) -- Major U.S. stock markets were wobbling back and forth between positive and negative territory throughout Friday's trading session before finally finishing in the green with record closing highs in the

Dow Jones Industrial Average


S&P 500.

This, as investors weighed the weaker-than-expected July nonfarm payrolls report and other disappointing data against the potential that this could slow down

Federal Reserve

stimulus tapering plans.


S&P 500

rose 0.16% to settle at 1,709.67. The benchmark index closed in the green for the week, up 1.07% after crossing 1,700 for the first time Thursday with the help of some encouraging data and earnings reports from corporate heavyweights. The

Dow Jones Industrial Average

added on 0.19% to close at 15,658.36, finishing the week up 0.64%. The


finished up 0.38% to 3,689.59, wrapping up the week higher by 2.12%.

Following signs of labor market improvement in recent months, investors had been widely betting that September would mark the beginning of the Fed's pullback from its $85 billion-a-month stimulative bond-buying program. But after Friday's softer report, which included downward revisions, investors are now increasingly considering December to be the more likely period from which tapering would begin, though with measured confidence as they consider other economic events to come. After Friday's softer report, Peter Cardillo, chief market economist at Rockwell Global Capital in Manhattan commented that "hiring remains stuck at a consistent pace which we think will keep the Fed buying bonds for the remainder of the year."

Meanwhile during a speech about the economy in Boston during the day, St. Louis

Federal Reserve

President James Bullard said the Fed should hold off on any tapering until there's more evidence of stronger growth.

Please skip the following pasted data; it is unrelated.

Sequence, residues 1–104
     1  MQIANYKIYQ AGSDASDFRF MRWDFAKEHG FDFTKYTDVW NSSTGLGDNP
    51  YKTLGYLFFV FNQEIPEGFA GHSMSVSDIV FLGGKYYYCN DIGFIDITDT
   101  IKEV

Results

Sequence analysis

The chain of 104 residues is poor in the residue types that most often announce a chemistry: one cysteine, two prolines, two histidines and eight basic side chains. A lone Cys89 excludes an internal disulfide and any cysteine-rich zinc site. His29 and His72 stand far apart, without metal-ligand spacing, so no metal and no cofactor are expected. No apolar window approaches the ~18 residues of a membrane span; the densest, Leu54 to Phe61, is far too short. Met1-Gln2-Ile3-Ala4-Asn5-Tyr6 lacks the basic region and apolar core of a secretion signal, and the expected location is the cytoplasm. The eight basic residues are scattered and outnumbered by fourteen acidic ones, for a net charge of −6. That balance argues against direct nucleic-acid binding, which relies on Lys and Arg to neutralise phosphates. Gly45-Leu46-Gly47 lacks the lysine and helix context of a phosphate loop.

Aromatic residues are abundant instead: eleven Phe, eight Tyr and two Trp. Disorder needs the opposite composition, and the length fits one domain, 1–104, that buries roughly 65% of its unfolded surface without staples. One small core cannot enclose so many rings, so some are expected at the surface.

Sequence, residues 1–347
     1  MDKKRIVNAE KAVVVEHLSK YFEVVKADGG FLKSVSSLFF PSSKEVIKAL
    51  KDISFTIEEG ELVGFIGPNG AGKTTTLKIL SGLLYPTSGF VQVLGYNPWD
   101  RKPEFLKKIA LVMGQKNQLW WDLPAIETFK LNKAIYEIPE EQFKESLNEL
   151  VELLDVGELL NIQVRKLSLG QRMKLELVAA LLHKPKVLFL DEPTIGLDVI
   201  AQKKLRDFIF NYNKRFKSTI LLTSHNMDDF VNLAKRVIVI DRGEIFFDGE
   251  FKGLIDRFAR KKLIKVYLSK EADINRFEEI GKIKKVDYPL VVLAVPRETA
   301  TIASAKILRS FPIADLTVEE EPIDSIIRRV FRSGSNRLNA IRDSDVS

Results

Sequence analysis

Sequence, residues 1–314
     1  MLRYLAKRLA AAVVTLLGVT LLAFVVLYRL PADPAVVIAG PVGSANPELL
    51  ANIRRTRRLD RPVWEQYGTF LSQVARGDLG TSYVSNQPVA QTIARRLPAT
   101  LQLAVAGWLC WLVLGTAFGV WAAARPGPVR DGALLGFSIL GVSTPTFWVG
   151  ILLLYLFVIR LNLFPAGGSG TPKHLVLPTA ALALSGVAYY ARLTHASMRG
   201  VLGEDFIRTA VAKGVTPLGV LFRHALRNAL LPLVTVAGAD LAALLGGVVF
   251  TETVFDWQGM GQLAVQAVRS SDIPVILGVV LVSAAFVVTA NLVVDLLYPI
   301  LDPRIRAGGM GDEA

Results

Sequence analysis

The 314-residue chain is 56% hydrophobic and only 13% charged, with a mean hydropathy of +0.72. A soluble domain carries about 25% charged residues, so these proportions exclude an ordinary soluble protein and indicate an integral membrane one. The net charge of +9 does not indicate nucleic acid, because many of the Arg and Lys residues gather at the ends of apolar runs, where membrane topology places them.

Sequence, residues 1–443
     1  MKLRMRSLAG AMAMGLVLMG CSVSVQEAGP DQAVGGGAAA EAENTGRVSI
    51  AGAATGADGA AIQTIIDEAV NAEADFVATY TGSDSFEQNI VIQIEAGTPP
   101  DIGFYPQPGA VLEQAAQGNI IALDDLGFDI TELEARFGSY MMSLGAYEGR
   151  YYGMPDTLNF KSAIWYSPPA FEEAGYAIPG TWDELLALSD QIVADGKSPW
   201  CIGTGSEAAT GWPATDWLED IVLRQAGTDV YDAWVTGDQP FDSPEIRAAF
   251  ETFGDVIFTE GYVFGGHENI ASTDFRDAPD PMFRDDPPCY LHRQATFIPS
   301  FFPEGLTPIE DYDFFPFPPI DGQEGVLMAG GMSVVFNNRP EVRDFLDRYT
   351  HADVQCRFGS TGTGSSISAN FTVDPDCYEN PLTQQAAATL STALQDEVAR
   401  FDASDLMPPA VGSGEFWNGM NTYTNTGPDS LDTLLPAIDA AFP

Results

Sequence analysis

The July nonfarm payrolls report showed an addition of a less-than-expected 162,000 jobs last month after a downwardly revised 188,000 in June, according to the Bureau of Labor Statistics. The May figure was also downwardly revised. Meanwhile, the release said that the jobless rate slipped to a lower-than-expected 7.4% from 7.6% but that came amid a decline in the labor participation rate.

Economists, on average, were expecting nonfarm payrolls to rise by 184,000 and the unemployment rate to fall to 7.5%.

Sealed Air Corp.

(SEE) - Get Report

was one of the biggest gaining stocks in the S&P Friday, surging more than 8.5% to settle at $30.36 after the packaging goods company swung back to profitability in the second quarter as general, strong overseas growth in the international markets outweighed weakness in Europe. Earnings per share came in at 35 cents versus the average analyst estimate of 25 cents a share.

American International Group

(AIG) - Get Report

rose 2.68% to close at $48.33 after the insurance giant posted a 17% increase in second-quarter net income, declared a 10-cent dividend and said its board approved a share buyback plan of up to $1 billion.



jumped more than 10.5% to $235.58 after the professional networking site reported second-quarter earnings results that topped Wall Street forecasts as the company posted a profit of 38 cents a share on revenue of $363.7 million, a 59% increase from a year earlier.

LinkedIn forecast revenue

for the current quarter that trailed forecasts. The company said it is expecting sales in a range of $367 million to $373 million, trailing an average analyst projection for $383.3 million, according to data compiled by




(VIAB) - Get Report

jumped nearly 6.5% to $79.17 after its third-quarter earnings report showed revenue up 14%. Affiliate revenue, via companies like


(AMZN) - Get Report

, saw increases of 28% in the U.S. Total revenue clocked in at $3.69 billion, beating the $3.58 billion Wall Street consensus. Viacom has doubled its share buyback program to $20 billion. Chief Executive Officer Philippe Dauman attributed the company's success to improved operations and an improving American economy.

Consumer sector and factory orders data were also underwhelming. Personal income rose by a less-than-expected 0.3% in June, down from a downwardly revised 0.4% in May, according to the Bureau of Economic Analysis. Economists were expecting personal income to increase 0.4%. Personal spending increased by an as-expected 0.5%, up from a downwardly revised 0.2%.

Factory orders increased by a less-than-expected 1.5% in June, down from a 2.1% rise in May, the Census Bureau reported. Economists were expecting a 2.3% increase for June.

The benchmark 10-year Treasury surged 28/32 Friday, with the yield falling to 2.602%.

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Written by Andrea Tse in New York

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Andrea Tse